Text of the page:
Genetic resistance to gastrointestinal parasites in artificially infected Horro and Menz Ethiopian sheep breeds
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Permanent link to cite or share this item: http://hdl.handle.net/10568/50599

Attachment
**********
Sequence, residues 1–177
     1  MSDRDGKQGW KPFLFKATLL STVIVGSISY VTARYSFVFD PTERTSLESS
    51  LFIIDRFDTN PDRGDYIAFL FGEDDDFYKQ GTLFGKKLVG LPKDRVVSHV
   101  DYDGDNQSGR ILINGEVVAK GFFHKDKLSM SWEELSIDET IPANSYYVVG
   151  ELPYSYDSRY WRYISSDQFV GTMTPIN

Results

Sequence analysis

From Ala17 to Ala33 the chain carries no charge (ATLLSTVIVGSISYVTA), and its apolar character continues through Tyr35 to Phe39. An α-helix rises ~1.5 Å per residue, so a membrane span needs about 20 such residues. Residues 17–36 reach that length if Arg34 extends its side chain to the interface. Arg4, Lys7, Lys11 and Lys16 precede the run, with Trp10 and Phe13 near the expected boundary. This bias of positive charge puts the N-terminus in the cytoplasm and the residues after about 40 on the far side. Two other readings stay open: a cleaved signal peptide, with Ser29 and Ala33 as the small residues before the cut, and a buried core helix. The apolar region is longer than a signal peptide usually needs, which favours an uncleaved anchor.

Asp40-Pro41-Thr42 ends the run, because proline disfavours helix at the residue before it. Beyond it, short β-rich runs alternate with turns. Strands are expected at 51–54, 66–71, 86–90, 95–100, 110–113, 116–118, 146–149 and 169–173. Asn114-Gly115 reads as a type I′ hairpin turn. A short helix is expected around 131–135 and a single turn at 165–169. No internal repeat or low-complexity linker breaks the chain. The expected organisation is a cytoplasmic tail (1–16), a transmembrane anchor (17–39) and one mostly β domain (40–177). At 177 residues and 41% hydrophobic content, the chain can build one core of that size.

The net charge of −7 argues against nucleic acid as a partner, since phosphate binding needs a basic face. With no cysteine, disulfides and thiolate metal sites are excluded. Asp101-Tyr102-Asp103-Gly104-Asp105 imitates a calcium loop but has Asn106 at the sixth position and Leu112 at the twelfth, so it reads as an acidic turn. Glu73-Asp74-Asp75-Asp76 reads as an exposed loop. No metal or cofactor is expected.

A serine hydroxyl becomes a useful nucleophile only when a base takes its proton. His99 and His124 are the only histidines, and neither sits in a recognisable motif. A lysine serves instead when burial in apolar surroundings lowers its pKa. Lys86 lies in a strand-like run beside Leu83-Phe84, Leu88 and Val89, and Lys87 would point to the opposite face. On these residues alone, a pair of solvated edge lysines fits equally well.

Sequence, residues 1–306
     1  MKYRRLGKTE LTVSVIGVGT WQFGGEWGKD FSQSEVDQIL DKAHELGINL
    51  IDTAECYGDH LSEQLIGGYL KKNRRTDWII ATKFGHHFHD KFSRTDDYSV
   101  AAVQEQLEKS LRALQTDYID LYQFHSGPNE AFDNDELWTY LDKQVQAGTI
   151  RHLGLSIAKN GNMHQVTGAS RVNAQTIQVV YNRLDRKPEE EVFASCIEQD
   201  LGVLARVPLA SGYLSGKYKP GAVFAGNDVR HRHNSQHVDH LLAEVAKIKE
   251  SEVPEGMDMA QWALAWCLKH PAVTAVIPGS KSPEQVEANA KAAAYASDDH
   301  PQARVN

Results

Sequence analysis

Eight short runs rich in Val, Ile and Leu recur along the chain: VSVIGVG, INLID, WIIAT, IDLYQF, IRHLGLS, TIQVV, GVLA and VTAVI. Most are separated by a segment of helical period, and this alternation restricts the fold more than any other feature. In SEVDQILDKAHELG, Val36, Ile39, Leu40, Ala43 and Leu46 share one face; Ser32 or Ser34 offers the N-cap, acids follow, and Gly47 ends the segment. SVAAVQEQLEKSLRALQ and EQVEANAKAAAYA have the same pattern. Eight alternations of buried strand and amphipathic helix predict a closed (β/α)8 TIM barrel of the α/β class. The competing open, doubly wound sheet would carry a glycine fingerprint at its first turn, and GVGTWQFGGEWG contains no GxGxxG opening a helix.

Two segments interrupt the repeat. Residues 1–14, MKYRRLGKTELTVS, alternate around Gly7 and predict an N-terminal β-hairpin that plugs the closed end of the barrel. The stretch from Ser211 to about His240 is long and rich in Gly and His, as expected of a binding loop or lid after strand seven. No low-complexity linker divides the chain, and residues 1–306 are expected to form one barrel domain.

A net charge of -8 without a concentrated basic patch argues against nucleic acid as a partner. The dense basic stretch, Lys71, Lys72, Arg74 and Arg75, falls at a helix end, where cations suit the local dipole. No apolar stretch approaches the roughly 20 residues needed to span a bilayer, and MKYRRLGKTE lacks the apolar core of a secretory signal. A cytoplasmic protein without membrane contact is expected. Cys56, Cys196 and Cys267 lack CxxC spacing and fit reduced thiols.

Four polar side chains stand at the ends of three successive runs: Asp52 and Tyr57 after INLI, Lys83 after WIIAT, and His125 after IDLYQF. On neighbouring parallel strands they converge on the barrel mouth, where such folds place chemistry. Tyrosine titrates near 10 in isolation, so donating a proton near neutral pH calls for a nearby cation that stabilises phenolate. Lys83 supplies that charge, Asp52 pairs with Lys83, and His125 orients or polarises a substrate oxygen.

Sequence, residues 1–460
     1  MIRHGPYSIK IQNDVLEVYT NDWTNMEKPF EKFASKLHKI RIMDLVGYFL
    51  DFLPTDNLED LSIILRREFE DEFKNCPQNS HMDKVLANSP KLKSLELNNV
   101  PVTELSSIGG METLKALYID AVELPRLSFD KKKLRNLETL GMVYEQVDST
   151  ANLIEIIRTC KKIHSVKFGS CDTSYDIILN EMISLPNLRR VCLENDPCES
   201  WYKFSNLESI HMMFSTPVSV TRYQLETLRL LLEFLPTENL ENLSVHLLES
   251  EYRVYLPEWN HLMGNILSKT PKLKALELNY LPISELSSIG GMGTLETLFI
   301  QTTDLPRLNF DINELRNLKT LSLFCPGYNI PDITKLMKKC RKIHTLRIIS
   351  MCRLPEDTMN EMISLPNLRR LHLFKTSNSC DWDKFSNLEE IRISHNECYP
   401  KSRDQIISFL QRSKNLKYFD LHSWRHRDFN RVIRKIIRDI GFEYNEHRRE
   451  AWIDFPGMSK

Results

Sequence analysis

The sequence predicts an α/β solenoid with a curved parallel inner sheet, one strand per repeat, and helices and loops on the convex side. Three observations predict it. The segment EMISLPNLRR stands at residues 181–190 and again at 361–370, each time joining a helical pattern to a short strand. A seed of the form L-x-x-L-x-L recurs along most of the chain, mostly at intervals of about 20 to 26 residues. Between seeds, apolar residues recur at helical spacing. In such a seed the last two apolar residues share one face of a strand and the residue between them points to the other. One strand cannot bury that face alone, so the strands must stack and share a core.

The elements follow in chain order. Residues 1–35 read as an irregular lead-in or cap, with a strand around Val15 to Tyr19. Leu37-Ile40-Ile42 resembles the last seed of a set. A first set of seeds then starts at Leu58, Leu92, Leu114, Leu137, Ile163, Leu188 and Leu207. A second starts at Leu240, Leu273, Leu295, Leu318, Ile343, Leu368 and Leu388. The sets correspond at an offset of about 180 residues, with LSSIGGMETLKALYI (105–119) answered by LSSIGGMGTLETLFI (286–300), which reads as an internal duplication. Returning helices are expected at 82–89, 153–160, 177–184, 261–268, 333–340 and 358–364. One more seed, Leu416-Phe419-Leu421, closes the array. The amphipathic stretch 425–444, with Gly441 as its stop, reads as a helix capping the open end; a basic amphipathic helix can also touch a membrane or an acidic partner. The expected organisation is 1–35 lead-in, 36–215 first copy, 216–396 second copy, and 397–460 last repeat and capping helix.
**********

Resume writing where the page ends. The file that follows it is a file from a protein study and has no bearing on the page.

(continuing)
Genetic resistance to artificially acquired gastrointestinal parasites was studied in 49 Horro and 103 Menz breeds of Ethiopia. The experimental design involved 2 breeds, 2 infection treatments (Infected vs Non infected) and 3 dietary protein treatments using 152 lambs assigned to the 12 treatment combinations, with an average of about 13 animals per cell. Diets were formulated to be isocaloric but with varying protein and/or nitrogen sources. Infection treatment involved repeated infection and drenching up to a third level. In the first two infections, the `infected' group of lambs were exposed to an experimental infection of 1000 L3 (third stage larvae) of Haemonchus contortus given orally three times a week for 3 weeks. On tertiary infection however, mixed infections of Haemonchus contortus, Longistrongylus elongata and Trichostrongylus colubriformis involving a dose rate of 500 L3 was given three times a week for 12 weeks. Faecal egg output was monitored three times a week starting 3 weeks after the first dose. Packed cell volume was monitored weekly up to 3 weeks from the initial dose of larvae and 3 times per week thereafter. Body weight changes were recorded weekly. In naive lambs in the primary infection, the Horro lambs were more resistant than Menz lambs as shown by their significantly lower FEC No differences were observed in PCV during primary infection. In the secondary and tertiary infection periods, while there was no breed difference for FEC, the Menz had a significantly higher PCV than the Horro lambs. At the end of the tertiary infection, all the infected lambs were necropsied (18 Horro and 26 Menz) and worm counts were recorded. Although, there was no significant breed difference in FEC in lambs prior to necropsy, the Menz lambs had significantly lower worm burdens for H. contortus and L. elongata than Horro lambs, but there was no difference between the breeds for T. colubriformis worm burdens. Both the worm count and PCV data suggest that Menz lambs acquire the ability to resist and tolerate endoparasite infections better than the Horro lambs.
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